and Relevance Since the proposal of the nucleosome hypothesis, more than 30 years ago, an extensive body of work has demonstrated the critical role of chromatin in gene regulation. In vitro and in vivo experiments from different model systems have unequivocally shown that covalent histone modifications provide a signal for the recruitment of chromatin modifying proteins that activate or silence gene expression. High throughput approaches recognized that these covalent marks have different genomic distribution, some are enriched on promoter sequences, others mark enhancers, whereas a few decorate the transcriptionally inactive and repetitive portion of our genome. Moreover, genetic and pharmacological experiments showed that these modifications, despite being termed epigenetic, appear extremely dynamic;the enzymes that apply them are in constant competition with the enzymes that erase them. Therefore, each nucleus and even each DNA locus adopts distinct epigenetic states in space and time. The dynamic nature of the epigenome poses a significant challenge towards the understanding of the exact order of events that culminate in gene expression or silencing during development and differentiation. Overcoming this challenge becomes even more critical by the realization that the epigenome has a profound effect in human health and that perturbations thereof result in disease. Therefore, new technologies need to be developed for the monitoring of the epigenome in a single cell resolution in living cells. Here, we propose the use of the powerful bimolecular Fluorescence Complementation technology towards the live imaging of the mammalian epigenome. Our experiments aim to visualize the extend, and nuclear distribution of different histone marks in differentiating cells and to assign the position of these marks in relation to specifically labeled DNA loci. Moreover, we will use a novel imaging system, soft X-ray tomography that combines remarkable spatial resolution with the benefits of fluorescent microscopy. With this technology we will gain structural insight of different epigenetic domains in the fully hydrated mammalian nucleus. The information generated by the combination of these innovative approaches will allow a better understanding of epigenetic regulation in model organisms and will promote the development of therapeutic epigenetic compounds. Moreover, these experiments will lay the foundation of an epigenomic analysis of the genetically intractable human being and will provide sensitive tools for the future for the diagnosis or even prognosis of diseases linked to epigenetic perturbations.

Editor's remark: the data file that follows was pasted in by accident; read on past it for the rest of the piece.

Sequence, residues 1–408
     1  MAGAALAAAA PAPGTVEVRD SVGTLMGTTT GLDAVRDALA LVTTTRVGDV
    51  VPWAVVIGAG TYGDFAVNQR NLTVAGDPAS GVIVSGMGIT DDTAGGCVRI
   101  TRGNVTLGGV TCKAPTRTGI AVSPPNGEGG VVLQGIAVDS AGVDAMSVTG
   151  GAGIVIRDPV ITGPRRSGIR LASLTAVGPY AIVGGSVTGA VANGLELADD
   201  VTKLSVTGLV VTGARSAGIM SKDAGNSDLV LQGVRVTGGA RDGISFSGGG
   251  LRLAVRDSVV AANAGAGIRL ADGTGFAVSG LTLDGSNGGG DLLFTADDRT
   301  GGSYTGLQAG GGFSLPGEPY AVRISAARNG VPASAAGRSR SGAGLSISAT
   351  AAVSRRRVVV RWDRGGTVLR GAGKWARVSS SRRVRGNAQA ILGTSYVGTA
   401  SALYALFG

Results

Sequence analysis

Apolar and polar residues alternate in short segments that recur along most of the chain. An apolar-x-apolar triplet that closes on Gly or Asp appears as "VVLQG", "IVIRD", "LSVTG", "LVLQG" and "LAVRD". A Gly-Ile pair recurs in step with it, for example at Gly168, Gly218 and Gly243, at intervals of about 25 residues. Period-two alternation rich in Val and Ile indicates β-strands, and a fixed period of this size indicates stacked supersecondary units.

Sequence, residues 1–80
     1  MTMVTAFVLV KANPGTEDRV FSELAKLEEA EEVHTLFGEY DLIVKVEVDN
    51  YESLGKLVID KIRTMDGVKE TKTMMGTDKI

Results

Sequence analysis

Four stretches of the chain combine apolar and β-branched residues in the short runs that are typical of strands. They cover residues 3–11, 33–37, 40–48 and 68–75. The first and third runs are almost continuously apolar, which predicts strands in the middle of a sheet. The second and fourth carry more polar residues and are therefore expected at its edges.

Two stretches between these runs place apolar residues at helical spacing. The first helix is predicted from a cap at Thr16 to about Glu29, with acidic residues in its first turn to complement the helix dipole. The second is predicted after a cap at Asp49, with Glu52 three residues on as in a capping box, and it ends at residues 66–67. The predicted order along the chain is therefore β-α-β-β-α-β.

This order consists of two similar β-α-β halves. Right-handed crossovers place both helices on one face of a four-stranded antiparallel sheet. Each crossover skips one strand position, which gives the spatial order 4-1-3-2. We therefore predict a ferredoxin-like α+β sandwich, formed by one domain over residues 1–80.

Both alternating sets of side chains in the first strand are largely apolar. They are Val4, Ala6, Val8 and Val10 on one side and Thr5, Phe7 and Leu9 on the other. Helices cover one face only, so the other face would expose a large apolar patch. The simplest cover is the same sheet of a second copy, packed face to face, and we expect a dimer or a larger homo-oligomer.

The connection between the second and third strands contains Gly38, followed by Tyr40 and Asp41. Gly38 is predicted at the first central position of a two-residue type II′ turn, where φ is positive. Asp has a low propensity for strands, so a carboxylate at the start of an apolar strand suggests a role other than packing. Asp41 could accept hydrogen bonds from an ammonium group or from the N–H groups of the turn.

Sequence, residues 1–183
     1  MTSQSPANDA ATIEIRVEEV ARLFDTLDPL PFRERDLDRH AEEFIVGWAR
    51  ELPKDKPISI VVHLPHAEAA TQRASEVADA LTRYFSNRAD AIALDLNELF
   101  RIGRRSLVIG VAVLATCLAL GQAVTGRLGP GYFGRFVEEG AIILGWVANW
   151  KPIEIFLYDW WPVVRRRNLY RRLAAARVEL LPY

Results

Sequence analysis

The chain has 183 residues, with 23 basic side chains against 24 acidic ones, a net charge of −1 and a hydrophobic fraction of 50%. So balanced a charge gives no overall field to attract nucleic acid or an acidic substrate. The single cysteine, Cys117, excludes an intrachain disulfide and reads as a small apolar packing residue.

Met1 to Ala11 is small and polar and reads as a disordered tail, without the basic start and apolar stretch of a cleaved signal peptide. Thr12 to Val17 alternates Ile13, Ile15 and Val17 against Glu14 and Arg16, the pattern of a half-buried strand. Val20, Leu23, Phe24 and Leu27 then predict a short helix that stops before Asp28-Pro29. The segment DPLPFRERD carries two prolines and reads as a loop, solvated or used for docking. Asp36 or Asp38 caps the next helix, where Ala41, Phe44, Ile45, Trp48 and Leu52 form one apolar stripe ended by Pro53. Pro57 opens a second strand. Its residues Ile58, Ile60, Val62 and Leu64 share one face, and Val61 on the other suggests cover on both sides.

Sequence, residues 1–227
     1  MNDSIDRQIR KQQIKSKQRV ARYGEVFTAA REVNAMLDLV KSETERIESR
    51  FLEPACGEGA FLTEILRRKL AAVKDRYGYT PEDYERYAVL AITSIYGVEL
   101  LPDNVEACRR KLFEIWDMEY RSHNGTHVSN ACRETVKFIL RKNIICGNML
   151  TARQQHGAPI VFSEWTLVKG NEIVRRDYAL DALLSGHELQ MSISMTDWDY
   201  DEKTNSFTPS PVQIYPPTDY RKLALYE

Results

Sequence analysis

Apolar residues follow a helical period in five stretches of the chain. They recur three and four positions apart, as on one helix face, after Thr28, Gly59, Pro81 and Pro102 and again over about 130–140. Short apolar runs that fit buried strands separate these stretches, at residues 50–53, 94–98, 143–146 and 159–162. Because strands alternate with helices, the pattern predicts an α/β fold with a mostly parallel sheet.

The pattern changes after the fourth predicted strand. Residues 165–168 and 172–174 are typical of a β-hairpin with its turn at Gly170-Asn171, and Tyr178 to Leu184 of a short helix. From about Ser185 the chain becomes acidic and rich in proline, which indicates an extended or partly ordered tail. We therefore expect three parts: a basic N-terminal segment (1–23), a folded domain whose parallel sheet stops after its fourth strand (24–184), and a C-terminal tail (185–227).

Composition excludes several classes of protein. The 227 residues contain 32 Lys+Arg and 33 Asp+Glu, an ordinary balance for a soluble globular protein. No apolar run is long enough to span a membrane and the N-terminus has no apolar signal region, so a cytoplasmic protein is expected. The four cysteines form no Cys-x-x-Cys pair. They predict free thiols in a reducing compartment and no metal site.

The epigenetic state of a human cell has profound consequences in the transcriptional program of this cell, the proper function of the organ at which the cell belongs to, and the overall health of the human being. Therefore, our proposed technologies, which will allow for the live imaging of the epigenetic regulation in vivo, will assist the better understanding of epigenetic processes and how these result in disease, will allow the development of novel therapeutic compounds and will provide powerful future diagnostic tools for epigenetic diseases.
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